The saddle isn’t the only thing that can cause pain or discomfort if improperly fitted.  The bit can be too small or large, or fastened too high or low in the horse’s mouth.  This can cause significant communication problems between horse and rider.  An improperly fitted breastplate can constrict the chest or cause the saddle to be pulled too far forward.

Blankets which do not fit properly can not only be uncomfortable, they can be unsafe.  Horses spend many hours a day in a blanket without supervision.  A low hanging strap, or a loose, shifting blanket can cause a horse to become hung-up.  A trapped horse will often panic, causing damage to himself and likely his enclosure.

Why does my horse need a yearly physical exam?

Just like humans, horses should have a yearly “wellness” examination to help catch potential problems while they are subtle, before they become serious and potentially life threatening.  During a routine physical examination, the veterinarian will listen to your horse’s heart to be sure there are no murmurs or arrhythmias, which can lead to performance problems.  She will listen to the lungs to check for abnormal sounds that can indication inflammatory airway disease, which can be subclinical.  Listening to the abdomen can provide information on the health of the intestine, as well as check for sand within the large colon.  Your veterinarian will check your horse’s temperature to make sure he is well enough for vaccinations (mild fevers can go unnoticed until the horse’s system is stressed).  The eyes will be checked, as well as the lymph nodes and jugular veins for any inflammation.  We also like to run our hands along the lower limbs, feel the tendons and the joints, to check for any lameness issues, and may watch the horse walk to check foot balance and ease of motion.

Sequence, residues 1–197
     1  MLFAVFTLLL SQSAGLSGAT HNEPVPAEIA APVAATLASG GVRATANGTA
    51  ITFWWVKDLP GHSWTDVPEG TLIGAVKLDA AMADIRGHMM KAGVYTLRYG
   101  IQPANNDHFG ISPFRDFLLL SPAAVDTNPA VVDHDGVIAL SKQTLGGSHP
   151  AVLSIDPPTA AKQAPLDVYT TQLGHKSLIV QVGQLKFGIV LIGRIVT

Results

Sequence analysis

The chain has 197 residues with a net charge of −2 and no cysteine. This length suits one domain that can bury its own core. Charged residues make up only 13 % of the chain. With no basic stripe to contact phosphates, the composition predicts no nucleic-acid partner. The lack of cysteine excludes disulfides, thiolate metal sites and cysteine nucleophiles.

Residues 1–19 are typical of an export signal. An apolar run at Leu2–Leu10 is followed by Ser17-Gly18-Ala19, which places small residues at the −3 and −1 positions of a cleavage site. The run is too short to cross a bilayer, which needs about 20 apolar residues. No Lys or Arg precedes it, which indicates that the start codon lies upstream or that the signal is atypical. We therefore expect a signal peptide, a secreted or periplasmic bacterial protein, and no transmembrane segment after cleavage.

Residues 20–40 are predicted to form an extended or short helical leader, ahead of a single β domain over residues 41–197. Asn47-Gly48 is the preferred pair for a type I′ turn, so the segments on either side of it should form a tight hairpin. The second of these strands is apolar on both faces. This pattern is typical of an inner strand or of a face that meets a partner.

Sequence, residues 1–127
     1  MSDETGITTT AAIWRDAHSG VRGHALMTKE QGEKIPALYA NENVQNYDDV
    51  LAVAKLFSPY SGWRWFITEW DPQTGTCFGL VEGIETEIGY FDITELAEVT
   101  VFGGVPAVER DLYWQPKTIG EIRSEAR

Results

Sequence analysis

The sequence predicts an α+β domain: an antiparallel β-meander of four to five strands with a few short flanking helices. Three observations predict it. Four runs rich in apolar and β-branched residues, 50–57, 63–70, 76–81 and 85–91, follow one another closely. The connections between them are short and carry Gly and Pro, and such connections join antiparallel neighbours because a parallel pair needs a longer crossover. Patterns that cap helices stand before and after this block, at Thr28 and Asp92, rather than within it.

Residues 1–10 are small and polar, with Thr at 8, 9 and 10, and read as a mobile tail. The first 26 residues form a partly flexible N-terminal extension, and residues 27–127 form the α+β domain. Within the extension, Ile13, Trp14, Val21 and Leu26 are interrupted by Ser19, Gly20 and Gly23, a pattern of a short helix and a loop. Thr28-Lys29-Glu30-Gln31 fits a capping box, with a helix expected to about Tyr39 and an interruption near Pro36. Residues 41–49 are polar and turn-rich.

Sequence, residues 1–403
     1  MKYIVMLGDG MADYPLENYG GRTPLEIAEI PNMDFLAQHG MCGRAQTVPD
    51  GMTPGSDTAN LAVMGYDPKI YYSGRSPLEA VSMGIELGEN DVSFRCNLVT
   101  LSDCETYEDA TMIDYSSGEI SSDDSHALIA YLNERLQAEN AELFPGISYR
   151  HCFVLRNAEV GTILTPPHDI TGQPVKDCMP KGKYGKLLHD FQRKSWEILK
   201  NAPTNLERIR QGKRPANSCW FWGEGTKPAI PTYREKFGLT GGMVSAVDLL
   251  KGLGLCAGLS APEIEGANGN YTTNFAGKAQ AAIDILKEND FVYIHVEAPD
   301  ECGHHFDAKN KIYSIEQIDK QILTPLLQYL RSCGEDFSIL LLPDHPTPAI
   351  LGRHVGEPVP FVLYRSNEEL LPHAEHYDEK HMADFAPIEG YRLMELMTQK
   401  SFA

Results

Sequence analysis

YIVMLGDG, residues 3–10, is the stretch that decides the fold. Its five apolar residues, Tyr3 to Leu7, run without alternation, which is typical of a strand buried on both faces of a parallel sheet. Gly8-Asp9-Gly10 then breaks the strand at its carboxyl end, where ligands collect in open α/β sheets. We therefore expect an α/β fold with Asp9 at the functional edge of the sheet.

Many subtle issues can be caught on a physical examination and treated or addressed before they become larger problems.  If performed every year, we can also compare your horse’s health from year to year and pick up subtle trends (such as weight gain or loss, cataracts, or a progressive murmur) that might otherwise be missed.  This procedure can help ensure the long term health and well-being of your horse, and should be part of the yearly routine vaccination visit. 

What deworming product should I use, and how often?

In recent years there has been a shift in deworming recommendations.  In the past, veterinarians used to develop a rotational schedule using the different products available, and horses were given deworming every 2-3 months.  What we have discovered is that this system is a overuse of deworming products for most horses, and it was helping to develop resistance in the parasite populations. 

What we recommend now is a Fecal Egg Count, which is a simple test on the manure to determine each horse’s parasite burden.  This test costs $20, and should be done on every horse on the farm BEFORE they are dewormed.  With the results of this test, we can develop a deworming program that will be specific to each horse.  We recommend fecal egg counts 3-6 times per year, and deworming can be done as little a twice yearly (up to 5 times yearly) depending on each horse’s need.

To collect a fecal sample: collect 1-2 balls of fresh manure in a plastic baggie.  Remove as much air as possible, and seal the baggie.  Keep refrigerated until you can drop it off at the clinic (or have the veterinarian pick it up during an appointment).  Be prepared to tell us the last time you dewormed, and with what product.  Unless we are testing for resistance, the fecal should be at least 4-6 weeks after administration of Panacur (Fenbendazole) or Strongid (Pyrantel), at least 6-8 weeks after administration of Zimectrin (Ivermectin) and at least 12 weeks after administration of Quest (Moxidectin).